April 17, 2016
Surveys indicate that economists see their discipline as ‘the most scientific of the social sciences’. What is the basis of this collective faith, shared by universities, presidents and billionaires? Shouldn’t successful and powerful people be the first to spot the exaggerated worth of a discipline, and the least likely to pay for it? In the hypothetical worlds of rational markets, where much of economic theory is set, perhaps. But real-world history tells a different story, of mathematical models masquerading as science and a public eager to buy them, mistaking elegant equations for empirical accuracy.
How Lifetime Became One Of The Best Places In Hollywood For Women. Since Lifetime’s acquisition by A&E Networks in 2009, the channel has mounted a successful effort to legitimize itself — 12 Emmy nominations in 2013, and 17 in 2014. This new legitimacy has hinged on two strategies: Lifetime’s prioritizing the hiring of women to write and direct their stories, and its witty, postmodern self-awareness of its own tropes. [more inside]
“What was remarkable to me is that being constrained by the rules of the rabbi, it forced us to figure out how to better preserve the quality of the grain,” Klaas said. (NYTimes)
Why Diversity And Inclusion Will Be A Top Priority For 2016 Research shows that gender-diverse companies are 15% more likely to outperform their peers and ethnically-diverse companies are 35% more likely to do the same.
Fallout: New Vegas - Choose Your Own Apocalypse [slyt, but not really...] is an interactive novel, played entirely within YouTube. Make your choices, pick your allies, select the best approach, and maybe you'll make it all the way to New Vegas...
Encrypted is an essay by New Yorker critic Alex Ross about French 19th Century poet Stéphane Mallarmé, and the difficulties he poses for translators and scholars. Notoriously the most bourgeois of avant-garde poets, his life has proved difficult to write about. So perhaps it's best to just go straight for the poetry. The Electronic Poetry Center has a nice page on his late masterpiece, Un Coup de Dés Jamais N'Abolira Le Hasard, with the original and several translations.
Colin Stetson has released "Sorrow - a reimagining of Górecki's 3rd Symphony". Pitchfork writes that the avant-garde saxophonist's reimagining of the famous symphony by the Polish composer comes close to something by Explosions in the Sky or Godspeed You! Black Emperor. Stetson himself is hoping that "the sound world and the genre implications are really irrelevant, that they’re second to the musical content and to the overall theme and feeling of the piece." You can listen and decide for yourself here (YT).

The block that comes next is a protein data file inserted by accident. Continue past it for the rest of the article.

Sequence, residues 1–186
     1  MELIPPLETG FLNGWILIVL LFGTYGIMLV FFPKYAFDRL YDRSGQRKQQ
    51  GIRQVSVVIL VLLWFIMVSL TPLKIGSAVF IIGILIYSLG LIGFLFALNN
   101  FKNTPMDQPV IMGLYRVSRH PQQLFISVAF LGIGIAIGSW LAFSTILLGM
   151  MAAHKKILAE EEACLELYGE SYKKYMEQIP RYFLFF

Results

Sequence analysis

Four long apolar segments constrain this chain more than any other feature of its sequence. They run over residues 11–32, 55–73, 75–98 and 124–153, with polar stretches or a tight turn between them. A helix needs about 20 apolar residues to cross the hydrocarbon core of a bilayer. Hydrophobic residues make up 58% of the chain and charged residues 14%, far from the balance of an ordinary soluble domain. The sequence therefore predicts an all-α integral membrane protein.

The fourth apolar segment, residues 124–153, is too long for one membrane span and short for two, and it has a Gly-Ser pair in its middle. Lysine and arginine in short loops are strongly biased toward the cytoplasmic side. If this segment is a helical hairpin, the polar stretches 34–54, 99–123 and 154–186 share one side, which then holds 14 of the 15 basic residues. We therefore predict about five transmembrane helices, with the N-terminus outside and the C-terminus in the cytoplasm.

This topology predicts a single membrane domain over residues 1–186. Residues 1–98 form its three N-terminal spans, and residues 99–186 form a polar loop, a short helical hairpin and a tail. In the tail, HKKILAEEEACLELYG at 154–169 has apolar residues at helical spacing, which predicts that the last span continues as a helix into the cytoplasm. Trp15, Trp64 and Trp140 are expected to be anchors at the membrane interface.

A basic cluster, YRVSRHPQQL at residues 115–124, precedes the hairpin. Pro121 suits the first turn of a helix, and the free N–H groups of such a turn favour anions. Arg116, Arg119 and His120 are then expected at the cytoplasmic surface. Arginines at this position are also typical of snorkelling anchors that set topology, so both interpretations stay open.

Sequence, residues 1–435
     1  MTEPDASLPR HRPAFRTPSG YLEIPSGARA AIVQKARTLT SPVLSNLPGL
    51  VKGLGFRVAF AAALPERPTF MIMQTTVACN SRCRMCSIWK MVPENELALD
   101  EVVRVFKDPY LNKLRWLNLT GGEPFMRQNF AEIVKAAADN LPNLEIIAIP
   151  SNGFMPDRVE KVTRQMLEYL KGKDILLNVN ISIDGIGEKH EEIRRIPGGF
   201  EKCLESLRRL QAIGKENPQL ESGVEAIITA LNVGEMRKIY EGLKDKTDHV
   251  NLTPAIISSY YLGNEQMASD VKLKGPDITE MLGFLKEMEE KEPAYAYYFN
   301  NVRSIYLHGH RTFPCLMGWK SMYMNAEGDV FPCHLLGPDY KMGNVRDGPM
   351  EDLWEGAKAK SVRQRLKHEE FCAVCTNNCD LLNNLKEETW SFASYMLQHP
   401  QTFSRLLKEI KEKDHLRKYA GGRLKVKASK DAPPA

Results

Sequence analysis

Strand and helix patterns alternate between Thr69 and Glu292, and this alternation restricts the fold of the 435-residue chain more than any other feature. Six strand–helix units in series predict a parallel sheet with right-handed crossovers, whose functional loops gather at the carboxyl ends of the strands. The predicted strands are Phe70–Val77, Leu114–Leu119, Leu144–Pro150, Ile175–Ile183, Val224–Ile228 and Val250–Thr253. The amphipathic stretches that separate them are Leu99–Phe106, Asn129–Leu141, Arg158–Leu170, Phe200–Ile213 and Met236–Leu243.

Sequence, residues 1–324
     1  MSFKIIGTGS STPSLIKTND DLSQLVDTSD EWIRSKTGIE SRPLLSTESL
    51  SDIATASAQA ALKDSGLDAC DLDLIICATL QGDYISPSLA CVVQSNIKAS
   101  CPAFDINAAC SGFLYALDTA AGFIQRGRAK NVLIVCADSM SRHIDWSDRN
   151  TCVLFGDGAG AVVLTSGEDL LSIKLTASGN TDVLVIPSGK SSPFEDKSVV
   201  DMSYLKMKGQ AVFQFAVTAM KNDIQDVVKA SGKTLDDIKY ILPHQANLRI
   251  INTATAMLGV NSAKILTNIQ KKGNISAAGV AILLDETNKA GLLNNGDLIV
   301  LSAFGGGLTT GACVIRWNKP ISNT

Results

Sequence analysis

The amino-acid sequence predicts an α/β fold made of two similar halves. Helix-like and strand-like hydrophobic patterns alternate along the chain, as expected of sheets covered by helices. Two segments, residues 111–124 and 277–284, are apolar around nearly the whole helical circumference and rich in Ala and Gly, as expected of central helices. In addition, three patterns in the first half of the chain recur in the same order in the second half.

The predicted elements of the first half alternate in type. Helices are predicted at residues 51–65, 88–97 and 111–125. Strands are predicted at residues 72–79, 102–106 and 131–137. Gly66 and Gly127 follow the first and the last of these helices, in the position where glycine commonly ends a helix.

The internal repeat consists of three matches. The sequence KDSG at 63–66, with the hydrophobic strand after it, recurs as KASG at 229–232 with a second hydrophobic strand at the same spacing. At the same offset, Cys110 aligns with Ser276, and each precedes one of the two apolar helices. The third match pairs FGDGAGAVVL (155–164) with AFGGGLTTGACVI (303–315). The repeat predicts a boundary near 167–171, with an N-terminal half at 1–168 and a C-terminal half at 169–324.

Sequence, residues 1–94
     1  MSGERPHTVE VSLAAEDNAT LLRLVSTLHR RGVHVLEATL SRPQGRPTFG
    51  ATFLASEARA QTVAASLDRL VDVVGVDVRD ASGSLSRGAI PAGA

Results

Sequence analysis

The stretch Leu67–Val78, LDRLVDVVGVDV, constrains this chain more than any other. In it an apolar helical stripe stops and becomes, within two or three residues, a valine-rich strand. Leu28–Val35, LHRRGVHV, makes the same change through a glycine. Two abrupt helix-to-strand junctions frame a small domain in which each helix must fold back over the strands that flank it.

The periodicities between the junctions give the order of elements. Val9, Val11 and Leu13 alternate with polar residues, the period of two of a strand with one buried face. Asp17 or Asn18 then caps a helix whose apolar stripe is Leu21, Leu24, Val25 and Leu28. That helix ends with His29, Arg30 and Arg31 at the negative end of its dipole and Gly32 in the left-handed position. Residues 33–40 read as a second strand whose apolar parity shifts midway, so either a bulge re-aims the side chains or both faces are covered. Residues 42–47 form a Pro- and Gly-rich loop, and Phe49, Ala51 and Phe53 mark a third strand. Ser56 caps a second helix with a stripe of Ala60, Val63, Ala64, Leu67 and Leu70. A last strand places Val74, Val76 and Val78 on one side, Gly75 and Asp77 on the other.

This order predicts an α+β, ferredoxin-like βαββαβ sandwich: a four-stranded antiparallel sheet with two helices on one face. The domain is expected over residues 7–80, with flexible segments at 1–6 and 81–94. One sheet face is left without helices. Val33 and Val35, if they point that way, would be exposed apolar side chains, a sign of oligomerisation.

Axl Rose as new lead vocalist. "We are dedicated to fulfilling the remainder of our touring commitments to everyone that has supported us over the years, and are fortunate that Axl Rose has kindly offered his support to help us fulfill this commitment," band says in statement G -n- R with Agnus Young and Axl Rose Whole Lotta Rosie live at Coachella 2016
at the same venue. [more inside]
at the same venue. [more inside]
An older man (Barack Obama, POTUS) provides a promising younger man (NBA MVP Steph Curry) some life lessons (YouTube). President Obama launched the My Brother’s Keeper initiative to address persistent opportunity gaps faced by boys and young men of color and ensure that all young people can reach their full potential. This lighthearted promotion encourages participation in the program. Perhaps Obama's influence will persuade Steph to set aside distractions and complete his college degree.
In the late ’70s and ’80s, the arrival of personal computers like the Commodore 64 gave rise to the first generation of kids fluent in computation. They learned to program in Basic, to write software that they swapped excitedly with their peers. It was a playful renaissance that eerily parallels the embrace of Minecraft by today’s youth - Inside the Minecraft Generation.
How Seattle Gave Up on Busing and Allowed Its Public Schools to Become Alarmingly Resegregated. Seattle reluctantly bused students to integrate schools in the 1970's. They bus no longer—unfortunately, as integration benefited the students who did it.
The term "one-man band" generally brings to mind someone surrounded by instruments, like this Croatian street performer, but the earliest examples are a simple combination of pipe and tambor, which traces back to the 1300s. There were records of some creative, enterprising individuals in the centuries since, with more in the early to mid 20th century, including seated set-ups by Fate Norris, Jesse Fuller, and Joe Barrick, with Vic Ellis representing the traveling one-man band. Add in a MIDI controller, and you can expand your sound with less gear. The footprint can shrink more with the new ACPAD, with demos focusing on bringing electronic sounds to an acoustic guitar. [more inside]
BBC: "Ever since the Victoria and Albert Museum opened, textiles and how they're used has been a primary focus. But it's taken until now to organise a whole exhibition about underwear. The curator says more than any other clothing, underwear is a mix of the alluring and the utterly practical." [V&A]
Why do some progressives of older generations react with such violence and horror to the new way of doing politics, online and in the streets, to the radical sharing, the intensity of emotion, the insistence that trauma and hurt are political? Why does this matter so very, very much to them? Laurie Penny writes about what she realised in the aftermath of Stephen Fry's remarks about trigger warnings. [more inside]